Koulibaly said he would give late Senegalese icon Papa Bouba Diop’s family his man-of-the-match award after firing the Lions of Teranga into the last 16 for the second time in their history.

Cody Gakpo his third goal of the tournament as the Netherlands booked their place last 16 as group winners with a straightforward 2-0 victory over hosts Qatar.

Qatar, which has spent $200 billion to host the World Cup, bow out of their own tournament with the worst ever performance by a host nation — zero points and just one goal scored.


’We deserve to be here,’ says coach Gregg Berhalter after US sink Iran

’We deserve to be here,’ says coach Gregg Berhalter after US sink Iran
Updated 40 min 7 sec ago

’We deserve to be here,’ says coach Gregg Berhalter after US sink Iran

’We deserve to be here,’ says coach Gregg Berhalter after US sink Iran
  • The win avenged America’s defeat to Iran at the 1998 World Cup
  • Berhalter expressed particular satisfaction that his team held the line despite a second half onslaught by Iran

DOHA: US coach Gregg Berhalter said his team belonged in the last 16 of the World Cup on Tuesday after defeating Iran 1-0 to set up a second round showdown with the Netherlands.

Five years after the Americans suffered the shock of failing to qualify for the 2018 finals in Russia, Berhalter has led a youthful US team into knockout rounds of the tournament.

Draws against Wales and England were followed by Tuesday’s nailbiting 1-0 win over arch-rivals Iran to seal qualification.

But while Sunday’s last 16 clash with the Netherlands promises to be a step up in class, Berhalter said his team would have no trace of an inferiority complex.

“It’s a great opportunity, but it’s not something that we’re going into it thinking it’s an honor,” Berhalter said.

“We deserve to be in the position we’re in. And we want to keep going. We don’t want to be going home next Wednesday.

“So for us it’s how we recover from this game, and how to play a very good Dutch team. We have to come up with an idea of how to beat them.”

Asked how far the US could go in Qatar, Berhalter replied: “Coming into the tournament we had two goals, the first was to advance through the group stage.

“And from here anything can happen. All we need to do is play one game at a time. There’s no need to even project how far this team can go.”

The former US international defender expressed particular satisfaction that his team held the line despite a second half onslaught by Iran.

The Americans finished the group phase with only one goal conceded — a penalty against Wales — and back-to-back clean sheets.

“That’s the first time in 92 years that we’ve got two shutouts at a World Cup so the boys are doing something right,” Berhalter said.

“The end of the game is really what I’m most proud of because it was the mark of determination, an extreme amount of effort and a lot of resiliency to hang in there and get the win and not buckle.”

The win avenged America’s defeat to Iran at the 1998 World Cup.

Berhalter spoke before the game about his dismay at that loss, complaining that Iran’s team had been more motivated 24 years ago.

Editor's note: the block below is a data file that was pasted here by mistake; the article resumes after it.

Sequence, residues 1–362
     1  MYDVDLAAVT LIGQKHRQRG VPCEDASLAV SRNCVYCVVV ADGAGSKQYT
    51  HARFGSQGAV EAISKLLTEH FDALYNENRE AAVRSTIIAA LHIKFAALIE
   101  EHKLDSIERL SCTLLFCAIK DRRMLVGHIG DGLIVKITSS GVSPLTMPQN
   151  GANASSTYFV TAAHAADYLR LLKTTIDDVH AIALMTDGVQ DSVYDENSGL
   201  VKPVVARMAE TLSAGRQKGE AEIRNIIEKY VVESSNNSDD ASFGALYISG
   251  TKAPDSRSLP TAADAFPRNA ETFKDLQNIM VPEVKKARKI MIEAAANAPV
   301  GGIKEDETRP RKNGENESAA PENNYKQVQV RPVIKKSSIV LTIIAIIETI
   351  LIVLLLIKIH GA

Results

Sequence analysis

“I talked yesterday in the press conference about the 1998 game and the guys not having the appropriate intensity to compete against Iran — and today we had it,” Berhalter said. “It was clear from the opening whistle.”

Berhalter added that Tuesday’s result was the sort of performance that would make US sports fans take the team to its heart.

“We’ve talked about defining this group, and it starts to take shape based on these performances,” he said.

“You see how resilient this group is, you see how unified this group is, and what type of energy they put into every single game.

“And along the way there’s some pretty good soccer. That’s the American spirit the way this group plays.”


Australian parliament censures former PM Morrison over secret ministries

Australian parliament censures former PM Morrison over secret ministries
Updated 30 November 2022

Australian parliament censures former PM Morrison over secret ministries

Australian parliament censures former PM Morrison over secret ministries
  • It marks the first time a former prime minister has been censured by parliament, though the motion is symbolic in nature

SYDNEY: Australia’s parliament on Wednesday voted to censure former Liberal prime minister Scott Morrison after an inquiry found his secret appointment to multiple ministries during the COVID-19 pandemic undermined trust in government.
Morrison, who lost power in a general election in May, secretly accumulated five ministerial roles during the pandemic: health, finance, treasury, resources and home affairs.
The historic motion, brought by the ruling Labor party, passed by 86 votes to 50 in the country’s lower house.
It marks the first time a former prime minister has been censured by parliament, though the motion is symbolic in nature.
“The fact is, that our democracy is precious,” Labor Prime Minister Anthony Albanese said during the debate, speaking in favor of censuring Morrison.
“There’s no room for complacency.”
Morrison has said his decisions were lawful, and that the decision was necessary in case ministers became incapacitated during the pandemic.